I have learned that there are many security risk management practices that are transferrable into the world of privacy. As has been noted in these pages over and over again, it's not just a matter of marking off a checklist a set of features, settings or practices. It's about balancing the risks of security or privacy breach consequences with the cost of maintaining security and privacy. The underlying theme is risk management -- really thinking about how risk accrues if we fail to comply with law, regulation, policy, contract, ethical behavior or the choices of the individual. Working under the risk management umbrella led Philips Healthcare and I to manage two global interrelated programs -- one for product and services security and the other for privacy compliance.
Less than five years ago, Brian Fitzgerald of the U.S. Food and Drug Administration called together a diverse mix of health care folks to talk about the harm that was being done from poor networking of medical devices in hospitals. His agency had reports of injury and death as a result of improperly connected networked devices. In that first brainstorming meeting of December 2005, there were biomedical engineers, IT professionals, regulatory specialists, medical device risk management specialists, security professionals, and medical device engineering staff. Brian urged us to organize and do something to help the world avoid this harm. To avoid international mismatches and "not invented here" issues in government regulatory authorities, he suggested this be pursued as a global standard. Five years later, we are very close to the final vote on the first international standard to address the Application of Risk Management to IT-networks Incorporating Medical Devices (IEC-80001-1).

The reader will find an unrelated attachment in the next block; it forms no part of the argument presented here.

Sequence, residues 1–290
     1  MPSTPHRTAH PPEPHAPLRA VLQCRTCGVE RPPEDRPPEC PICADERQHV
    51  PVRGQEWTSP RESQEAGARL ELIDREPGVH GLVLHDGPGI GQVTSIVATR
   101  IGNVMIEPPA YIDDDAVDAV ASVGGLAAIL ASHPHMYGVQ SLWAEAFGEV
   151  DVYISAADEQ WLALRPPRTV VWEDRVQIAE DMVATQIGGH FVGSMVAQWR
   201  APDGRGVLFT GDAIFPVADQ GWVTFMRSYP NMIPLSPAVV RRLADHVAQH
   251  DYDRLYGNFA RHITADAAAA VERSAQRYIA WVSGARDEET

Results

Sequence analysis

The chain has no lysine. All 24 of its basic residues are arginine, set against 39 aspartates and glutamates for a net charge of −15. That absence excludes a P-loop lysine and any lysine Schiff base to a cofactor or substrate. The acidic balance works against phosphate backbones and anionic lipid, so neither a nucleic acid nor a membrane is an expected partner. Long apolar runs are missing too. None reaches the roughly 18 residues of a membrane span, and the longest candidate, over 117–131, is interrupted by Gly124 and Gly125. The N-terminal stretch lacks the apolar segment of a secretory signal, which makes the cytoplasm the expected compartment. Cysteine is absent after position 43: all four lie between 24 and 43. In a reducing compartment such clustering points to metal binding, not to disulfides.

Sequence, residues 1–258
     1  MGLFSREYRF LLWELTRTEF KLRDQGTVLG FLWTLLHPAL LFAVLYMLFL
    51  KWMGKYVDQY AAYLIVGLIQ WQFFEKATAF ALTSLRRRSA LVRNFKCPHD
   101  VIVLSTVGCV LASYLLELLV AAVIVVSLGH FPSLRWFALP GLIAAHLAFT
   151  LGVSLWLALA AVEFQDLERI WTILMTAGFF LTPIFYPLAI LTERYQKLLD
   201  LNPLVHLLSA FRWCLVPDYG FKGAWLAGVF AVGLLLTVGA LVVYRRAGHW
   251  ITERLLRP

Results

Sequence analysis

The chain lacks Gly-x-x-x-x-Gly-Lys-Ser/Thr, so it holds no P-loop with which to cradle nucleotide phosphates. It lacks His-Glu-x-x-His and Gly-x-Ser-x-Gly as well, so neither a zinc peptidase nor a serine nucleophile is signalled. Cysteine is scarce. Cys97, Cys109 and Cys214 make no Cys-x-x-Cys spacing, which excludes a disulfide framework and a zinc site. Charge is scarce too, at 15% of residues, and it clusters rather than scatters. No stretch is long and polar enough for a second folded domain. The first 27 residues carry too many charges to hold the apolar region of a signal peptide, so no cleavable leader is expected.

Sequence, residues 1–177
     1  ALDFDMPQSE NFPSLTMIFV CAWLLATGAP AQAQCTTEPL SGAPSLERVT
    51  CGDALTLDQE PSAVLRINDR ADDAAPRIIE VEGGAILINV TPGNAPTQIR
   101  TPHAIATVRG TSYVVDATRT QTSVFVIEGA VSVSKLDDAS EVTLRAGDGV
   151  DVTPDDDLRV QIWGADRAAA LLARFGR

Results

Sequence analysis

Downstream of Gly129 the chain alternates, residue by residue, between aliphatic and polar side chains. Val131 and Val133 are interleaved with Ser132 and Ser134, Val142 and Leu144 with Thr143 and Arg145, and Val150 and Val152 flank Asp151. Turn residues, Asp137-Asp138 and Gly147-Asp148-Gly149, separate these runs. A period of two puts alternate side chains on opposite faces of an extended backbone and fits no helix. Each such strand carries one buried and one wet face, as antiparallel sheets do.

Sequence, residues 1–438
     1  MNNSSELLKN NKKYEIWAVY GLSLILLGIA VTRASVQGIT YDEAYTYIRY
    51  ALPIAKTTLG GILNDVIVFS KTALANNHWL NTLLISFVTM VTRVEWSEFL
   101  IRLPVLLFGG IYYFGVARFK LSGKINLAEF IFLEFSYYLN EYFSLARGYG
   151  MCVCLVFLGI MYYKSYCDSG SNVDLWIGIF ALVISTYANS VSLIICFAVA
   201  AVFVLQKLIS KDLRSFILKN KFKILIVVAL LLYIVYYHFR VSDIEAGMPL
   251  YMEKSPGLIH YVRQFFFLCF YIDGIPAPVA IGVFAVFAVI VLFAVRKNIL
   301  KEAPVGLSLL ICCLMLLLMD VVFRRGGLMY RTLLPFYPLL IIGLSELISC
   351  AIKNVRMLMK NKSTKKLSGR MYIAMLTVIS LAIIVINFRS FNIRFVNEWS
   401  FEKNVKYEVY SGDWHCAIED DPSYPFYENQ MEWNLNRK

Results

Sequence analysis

This standard lifts security and privacy risk out of the afterthought category into the mainstream of health care delivery. It does this by building around the principle that decisions in any new device integration project in health care need to be built around some simple concepts. In the parlance of IEC-80001-1, medical IT-network risk management proceeds with a careful examination and understanding of three key properties: (1) safety, (2) effectiveness and (3) data and systems security. By considering all three, we can first "do no harm" while effectively delivering on the organization's health care mission. This is done with careful and explicit treatment of the appropriate level of confidentiality, integrity, and availability.